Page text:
Sleep Diary Spreadsheet

With an impending PSG/MSLT (December 2nd, 2010), and a particularly disrupted night's sleep recently...I got to thinking that I would start my sleep diary now. Rather than wait until the requested 2 weeks before the PSG/MSLT.

Of course, the sleep lab provided a sleep diary on a printed sheet to fill out. Which means either I fill it from memory now and then, or carry it wherever I go. If only there were some way to, say, use a computer.... :hmm:

I did a quick google search, and all I could find were PDF files. Surely somebody else has thought of this? :?:

So, looking at the provided sleep diary sheet from the sleep lab, I sat down and created a sleep diary spreadsheet using OpenOffice....using my laptop (Ubuntu 10.04LTS) [which when at home is on futon in front of TV, but I'll be at Chicago TARDIS the weekend before the PSG/MSLT]

:!: SleepDiary.ods :!: BlankSleepDiary.ods :!:

I opted to leave it in the default format, so that I won't have to deal with OpenOffice asking if I'm sure that I want to not use OpenDocument format.

I then saved the file into my Dropbox folder and created a link from my desktop to it. I can now update my sleep diary wherever I might be.

Such as living room computer (Windows XP Professional - OpenOffice), or computer next to bedroom (Ubuntu 10.04LTS 64-bit Server), or computer at work (Windows 7 Professional - LibreOffice).

Liking the result so much, I've decided that I should share it. &#59;D

Full story »

What is an MSLT?

An MSLT, Multiple Sleep Latency Test, is a nap study. It is used to see how quickly you fall asleep in quiet situations during the day.

The study is based on the idea that you should fall asleep in a shorter amount of time as your feeling of sleepiness increases. The MSLT charts your brain waves, heartbeat, records your eye and chin movements. The study also measures how quickly and how often you enter the rapid-eye-movement (REM) stage of sleep. Results of the nap study are routinely used to detect sleep disorders.

The study isolates you from outside factors that can affect your ability to fall asleep. These factors include such things as the following:

  • Temperature (too hot or too cold)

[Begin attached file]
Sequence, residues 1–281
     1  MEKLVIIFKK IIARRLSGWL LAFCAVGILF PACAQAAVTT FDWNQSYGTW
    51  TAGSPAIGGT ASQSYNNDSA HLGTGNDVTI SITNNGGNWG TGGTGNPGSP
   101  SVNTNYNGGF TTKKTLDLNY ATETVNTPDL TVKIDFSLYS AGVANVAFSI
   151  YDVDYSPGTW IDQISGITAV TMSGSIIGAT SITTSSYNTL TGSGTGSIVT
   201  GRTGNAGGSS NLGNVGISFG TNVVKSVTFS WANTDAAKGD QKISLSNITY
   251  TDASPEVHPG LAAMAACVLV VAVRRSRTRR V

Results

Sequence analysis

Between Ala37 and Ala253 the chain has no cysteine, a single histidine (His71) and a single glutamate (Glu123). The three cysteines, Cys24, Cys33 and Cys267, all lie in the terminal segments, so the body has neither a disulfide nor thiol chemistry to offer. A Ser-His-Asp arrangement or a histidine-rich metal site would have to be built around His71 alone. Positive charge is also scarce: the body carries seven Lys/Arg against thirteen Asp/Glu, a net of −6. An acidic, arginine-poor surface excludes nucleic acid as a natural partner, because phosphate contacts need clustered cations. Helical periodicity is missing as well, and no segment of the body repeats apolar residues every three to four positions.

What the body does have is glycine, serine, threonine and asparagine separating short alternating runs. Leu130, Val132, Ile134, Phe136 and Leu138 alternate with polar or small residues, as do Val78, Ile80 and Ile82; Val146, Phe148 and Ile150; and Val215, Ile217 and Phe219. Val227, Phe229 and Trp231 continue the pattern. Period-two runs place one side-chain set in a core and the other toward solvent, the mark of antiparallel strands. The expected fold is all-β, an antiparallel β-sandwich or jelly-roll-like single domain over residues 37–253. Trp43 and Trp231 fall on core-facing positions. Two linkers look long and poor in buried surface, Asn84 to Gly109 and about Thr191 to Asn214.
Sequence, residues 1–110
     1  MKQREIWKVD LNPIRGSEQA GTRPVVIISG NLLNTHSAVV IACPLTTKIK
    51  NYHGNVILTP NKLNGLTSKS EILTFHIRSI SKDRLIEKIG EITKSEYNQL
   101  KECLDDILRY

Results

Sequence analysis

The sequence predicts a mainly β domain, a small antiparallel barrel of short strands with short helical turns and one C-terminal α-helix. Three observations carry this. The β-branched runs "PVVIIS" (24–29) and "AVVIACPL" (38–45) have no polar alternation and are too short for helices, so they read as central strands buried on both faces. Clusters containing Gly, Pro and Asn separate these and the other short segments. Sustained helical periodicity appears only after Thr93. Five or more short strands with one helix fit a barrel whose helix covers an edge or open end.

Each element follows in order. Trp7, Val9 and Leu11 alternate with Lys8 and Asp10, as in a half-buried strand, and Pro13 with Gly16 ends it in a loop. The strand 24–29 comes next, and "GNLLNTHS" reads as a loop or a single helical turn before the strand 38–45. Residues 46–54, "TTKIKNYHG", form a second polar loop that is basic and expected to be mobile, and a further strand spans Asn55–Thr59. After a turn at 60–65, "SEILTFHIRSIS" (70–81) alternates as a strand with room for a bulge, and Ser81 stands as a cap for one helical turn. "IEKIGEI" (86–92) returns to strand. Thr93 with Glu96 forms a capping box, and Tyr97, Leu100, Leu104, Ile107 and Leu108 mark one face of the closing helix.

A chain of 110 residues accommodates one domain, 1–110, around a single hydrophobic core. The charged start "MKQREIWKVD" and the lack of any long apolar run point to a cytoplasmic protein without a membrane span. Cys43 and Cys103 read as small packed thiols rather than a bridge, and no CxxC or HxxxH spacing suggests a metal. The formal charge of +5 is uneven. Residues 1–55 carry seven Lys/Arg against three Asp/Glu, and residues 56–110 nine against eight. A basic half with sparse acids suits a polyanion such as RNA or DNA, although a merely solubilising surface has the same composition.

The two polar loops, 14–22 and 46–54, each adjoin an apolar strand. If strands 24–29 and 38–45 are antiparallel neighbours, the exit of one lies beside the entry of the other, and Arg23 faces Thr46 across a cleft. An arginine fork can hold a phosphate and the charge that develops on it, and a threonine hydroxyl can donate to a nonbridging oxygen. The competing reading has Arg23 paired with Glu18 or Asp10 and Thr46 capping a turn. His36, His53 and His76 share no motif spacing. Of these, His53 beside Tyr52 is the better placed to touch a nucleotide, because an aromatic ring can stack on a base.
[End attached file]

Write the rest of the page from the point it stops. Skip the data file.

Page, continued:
• Light
  • Noise
  • Activity

Other factors that can still affect the results of the study include the following:

  • Anxiety
  • Tension
  • Depression
  • Age
  • Caffeine
  • Drugs and medications
  • Amount of sleep prior to the study

The use of stimulants needs to be stopped for two weeks before the MSLT. Your sleep specialist should help you properly schedule the use of any other medications.

An MSLT is used to evaluate people who are thought to have narcolepsy. Most people with narcolepsy fall asleep in average of less than fire minutes during the test. Some take longer than five minutes to fall asleep. There are also people without narcolepsy who fall asleep in less than five minutes. The test also counts sleep-onset REM periods (SOREMPS). This is having REM sleep very soon after you fall asleep. REM sleep is normally the fifth and last stage of each sleep cycle. Having two or more SOREMPS in an MSLT is usually the indicator of narcolepsy.

An MSLT may be used to see if a person has idiopathic hypersomnia. These patients will fall asleep easily but do not have SOREMPS.

An MSLT will reveal a broad range of time in which it takes normal sleepers to fall asleep. Normal sleepers usually fall asleep in an average of about ten minutes during the five naps of the MSLT. Due to the wide range of normal times, the results alone are not enough to diagnose a sleep disorder. Doctors must also consider other data, tests, and medical information.

Sleep Disorder Support Group at K-State?

Link: http://www.kstatecollegian.com/news/student-learns-to-juggle-disability-college-life-1.2210101

At some point after my diagnosis for Obstructive Sleep Apnea and my continuing problems that seemly too perfect CPAP compliance didn't solve, I wondered about the existence of a support group in town.

Eventually I found the AWAKE group, but that doesn't meet very often or regularly.

Then I started to wonder if there was or could be a support group at Kansas State University...not sure if that was before the word Narcolepsy was raised with me....

But, then the article linked above ran in the K-State Collegian...and in the comments to the article was the thought of a sleep disorder support group for K-State. So, I decided to send Megan Reynolds an email about the possible formation of such....along with a bit of my plight :)

The idea got tossed around, we talked about meeting, but neither happened before the end of the semester. And, I wasn't sure about bring it back up in the fall. But, things happened. I've been meeting people online, learning more and more about the subject, and then I was contacted via the NRG side of this site about whether there is a sleep disorder support group in the area. And, then that prompted me to bring it up again.